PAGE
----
Council of European Municipalities and Regions (CEMR)
European section of United Cities and Local Governments


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Local finance - 13.11.2018

Ten years after the crisis, local governments are still not free to invest
Where central government didn’t have the money, they passed the job to local governments.” The problem is, they transferred the competences, but not the resources. Cheltenham councillor, Local Government Association member and CEMR spokesperson on local finance, Flo Clucas, was referring to the aftermath of the financial crisis of 2008 and its impact on local government. She was speaking at a conference on Subnational finance and investment ten years after the crisis, organised by the Committee of the Regions and the OECD on 12 November in Brussels.

The financial crisis happened ten years ago, and yet, its effects are still felt throughout many local governments across Europe. They are under heavy financial pressure, and there is urgent need for public investment. However, investing at local level has been made very difficult.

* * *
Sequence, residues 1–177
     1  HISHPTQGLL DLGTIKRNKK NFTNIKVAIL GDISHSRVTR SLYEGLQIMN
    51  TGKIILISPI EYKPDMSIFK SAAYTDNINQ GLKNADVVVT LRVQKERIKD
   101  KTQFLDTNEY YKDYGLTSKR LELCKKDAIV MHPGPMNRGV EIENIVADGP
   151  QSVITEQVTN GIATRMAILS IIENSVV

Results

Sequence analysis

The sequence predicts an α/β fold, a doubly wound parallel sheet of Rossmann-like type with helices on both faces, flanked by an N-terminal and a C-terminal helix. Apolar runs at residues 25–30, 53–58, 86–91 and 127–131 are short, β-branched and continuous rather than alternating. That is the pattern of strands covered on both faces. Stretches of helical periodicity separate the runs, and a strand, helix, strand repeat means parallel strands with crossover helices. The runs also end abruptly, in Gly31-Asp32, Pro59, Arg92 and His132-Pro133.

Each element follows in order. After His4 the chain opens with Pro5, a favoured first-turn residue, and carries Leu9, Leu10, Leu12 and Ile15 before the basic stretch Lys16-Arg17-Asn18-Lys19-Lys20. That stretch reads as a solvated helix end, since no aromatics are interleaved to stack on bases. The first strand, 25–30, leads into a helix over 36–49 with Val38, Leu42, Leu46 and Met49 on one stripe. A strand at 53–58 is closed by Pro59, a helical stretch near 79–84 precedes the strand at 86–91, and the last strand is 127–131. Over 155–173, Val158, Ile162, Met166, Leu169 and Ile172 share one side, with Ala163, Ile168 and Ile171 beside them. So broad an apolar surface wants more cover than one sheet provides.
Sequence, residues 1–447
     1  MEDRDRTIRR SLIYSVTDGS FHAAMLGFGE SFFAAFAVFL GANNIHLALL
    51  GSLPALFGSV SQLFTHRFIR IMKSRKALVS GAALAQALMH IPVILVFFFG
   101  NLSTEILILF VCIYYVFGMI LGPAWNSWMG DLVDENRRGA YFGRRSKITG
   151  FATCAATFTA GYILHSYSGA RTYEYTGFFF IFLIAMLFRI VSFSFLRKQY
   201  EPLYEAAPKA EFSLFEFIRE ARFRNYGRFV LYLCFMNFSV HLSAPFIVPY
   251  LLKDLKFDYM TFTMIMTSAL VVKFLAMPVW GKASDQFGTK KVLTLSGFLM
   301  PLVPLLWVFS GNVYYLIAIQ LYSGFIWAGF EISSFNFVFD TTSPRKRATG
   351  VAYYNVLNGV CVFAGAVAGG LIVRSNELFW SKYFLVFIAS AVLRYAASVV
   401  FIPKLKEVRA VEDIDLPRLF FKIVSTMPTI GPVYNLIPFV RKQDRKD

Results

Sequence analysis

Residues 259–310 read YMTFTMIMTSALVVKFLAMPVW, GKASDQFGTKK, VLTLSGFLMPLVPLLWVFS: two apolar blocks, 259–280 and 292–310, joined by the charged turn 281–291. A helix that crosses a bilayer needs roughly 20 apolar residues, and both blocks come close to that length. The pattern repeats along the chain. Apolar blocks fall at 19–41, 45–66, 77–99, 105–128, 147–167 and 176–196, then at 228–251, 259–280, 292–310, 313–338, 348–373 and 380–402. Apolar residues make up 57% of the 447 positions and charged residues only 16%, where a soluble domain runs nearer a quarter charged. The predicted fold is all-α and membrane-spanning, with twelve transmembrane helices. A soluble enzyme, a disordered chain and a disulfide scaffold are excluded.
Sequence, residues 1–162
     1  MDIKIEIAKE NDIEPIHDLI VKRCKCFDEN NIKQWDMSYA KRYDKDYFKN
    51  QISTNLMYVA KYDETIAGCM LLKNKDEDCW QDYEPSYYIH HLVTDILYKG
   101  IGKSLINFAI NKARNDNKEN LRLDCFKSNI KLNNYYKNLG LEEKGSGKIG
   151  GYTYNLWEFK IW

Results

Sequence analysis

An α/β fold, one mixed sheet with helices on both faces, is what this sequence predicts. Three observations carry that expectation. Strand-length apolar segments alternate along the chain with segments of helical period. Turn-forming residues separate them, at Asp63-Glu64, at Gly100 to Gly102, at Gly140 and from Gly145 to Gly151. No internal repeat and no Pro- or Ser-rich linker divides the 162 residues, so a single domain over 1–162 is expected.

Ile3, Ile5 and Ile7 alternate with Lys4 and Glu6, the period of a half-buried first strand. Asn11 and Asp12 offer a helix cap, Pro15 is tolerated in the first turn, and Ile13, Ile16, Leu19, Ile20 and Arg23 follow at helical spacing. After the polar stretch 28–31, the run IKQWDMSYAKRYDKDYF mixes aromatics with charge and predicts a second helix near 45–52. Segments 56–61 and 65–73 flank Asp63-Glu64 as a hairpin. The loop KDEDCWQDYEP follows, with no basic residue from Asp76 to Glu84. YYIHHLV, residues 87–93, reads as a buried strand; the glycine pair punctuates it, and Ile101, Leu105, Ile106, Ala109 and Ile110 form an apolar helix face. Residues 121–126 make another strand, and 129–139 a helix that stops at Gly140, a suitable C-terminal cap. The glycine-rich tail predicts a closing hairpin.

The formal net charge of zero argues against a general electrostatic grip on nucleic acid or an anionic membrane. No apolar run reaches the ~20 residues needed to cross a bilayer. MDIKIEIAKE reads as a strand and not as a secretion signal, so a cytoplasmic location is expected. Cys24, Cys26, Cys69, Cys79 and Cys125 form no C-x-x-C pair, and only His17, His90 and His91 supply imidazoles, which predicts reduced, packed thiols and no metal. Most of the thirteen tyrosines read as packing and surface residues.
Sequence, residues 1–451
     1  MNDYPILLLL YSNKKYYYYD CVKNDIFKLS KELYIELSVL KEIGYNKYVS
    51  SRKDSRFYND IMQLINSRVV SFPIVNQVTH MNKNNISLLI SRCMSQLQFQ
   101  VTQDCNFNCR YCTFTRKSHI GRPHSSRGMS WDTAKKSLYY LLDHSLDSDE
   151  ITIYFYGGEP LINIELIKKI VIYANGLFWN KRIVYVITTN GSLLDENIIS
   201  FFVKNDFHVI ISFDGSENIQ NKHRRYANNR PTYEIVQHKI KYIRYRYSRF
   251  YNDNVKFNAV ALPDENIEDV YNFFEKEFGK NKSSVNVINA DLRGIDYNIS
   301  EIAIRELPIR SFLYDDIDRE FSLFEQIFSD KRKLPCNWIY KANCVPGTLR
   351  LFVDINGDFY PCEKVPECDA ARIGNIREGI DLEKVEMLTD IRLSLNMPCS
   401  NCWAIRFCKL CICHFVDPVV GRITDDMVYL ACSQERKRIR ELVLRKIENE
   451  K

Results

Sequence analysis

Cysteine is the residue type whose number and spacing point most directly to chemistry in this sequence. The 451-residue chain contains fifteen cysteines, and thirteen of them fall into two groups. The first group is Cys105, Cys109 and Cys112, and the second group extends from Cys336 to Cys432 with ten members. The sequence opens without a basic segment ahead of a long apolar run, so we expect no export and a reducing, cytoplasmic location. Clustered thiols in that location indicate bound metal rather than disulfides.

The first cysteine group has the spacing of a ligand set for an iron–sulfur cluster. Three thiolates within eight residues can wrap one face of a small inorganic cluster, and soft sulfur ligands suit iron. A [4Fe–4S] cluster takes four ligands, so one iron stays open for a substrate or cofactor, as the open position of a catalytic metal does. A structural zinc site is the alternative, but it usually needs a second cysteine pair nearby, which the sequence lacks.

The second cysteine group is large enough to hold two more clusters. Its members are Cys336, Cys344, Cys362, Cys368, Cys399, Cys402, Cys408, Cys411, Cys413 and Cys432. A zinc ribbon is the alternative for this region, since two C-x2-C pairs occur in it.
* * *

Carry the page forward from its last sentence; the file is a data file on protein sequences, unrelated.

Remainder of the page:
Current national and European fiscal rules have effectively prevented investments in towns and regions: when local governments borrow, their investments count as national government debt. As Flo Clucas puts it, “both member states and the EU must realise that their fiscal rules have an impact on local governments”. These rules should be made more flexible. “Central governments should think twice about the consequences of their fiscal decisions on local governments.

Member  of  the  Committee of the Regions, Chair of  the  ECON  Commission and Member  of the Walloon Parliament, Olga  Zrihen, supported this view. She specified that “because of the crisis, there was a drastic reduction of local investment. Investments are insufficient, and therefore pose a threat to the EU concerning its capacity to innovate and to answer to its citizens’ needs.”

The need for more flexibility and decentralisation also made sense to the OECD. As the Deputy director of the center for entrepreunership, SMEs, Regions and Cities (CFE) of the OECD, Joaquim Oliveira Martins pointed out, “fiscal decentralisation has a positive impact on the economic performances of local investments.”

The moral of the story is: central governments should make their fiscal rules more flexibles so that local governments can invest. It’s urgent!
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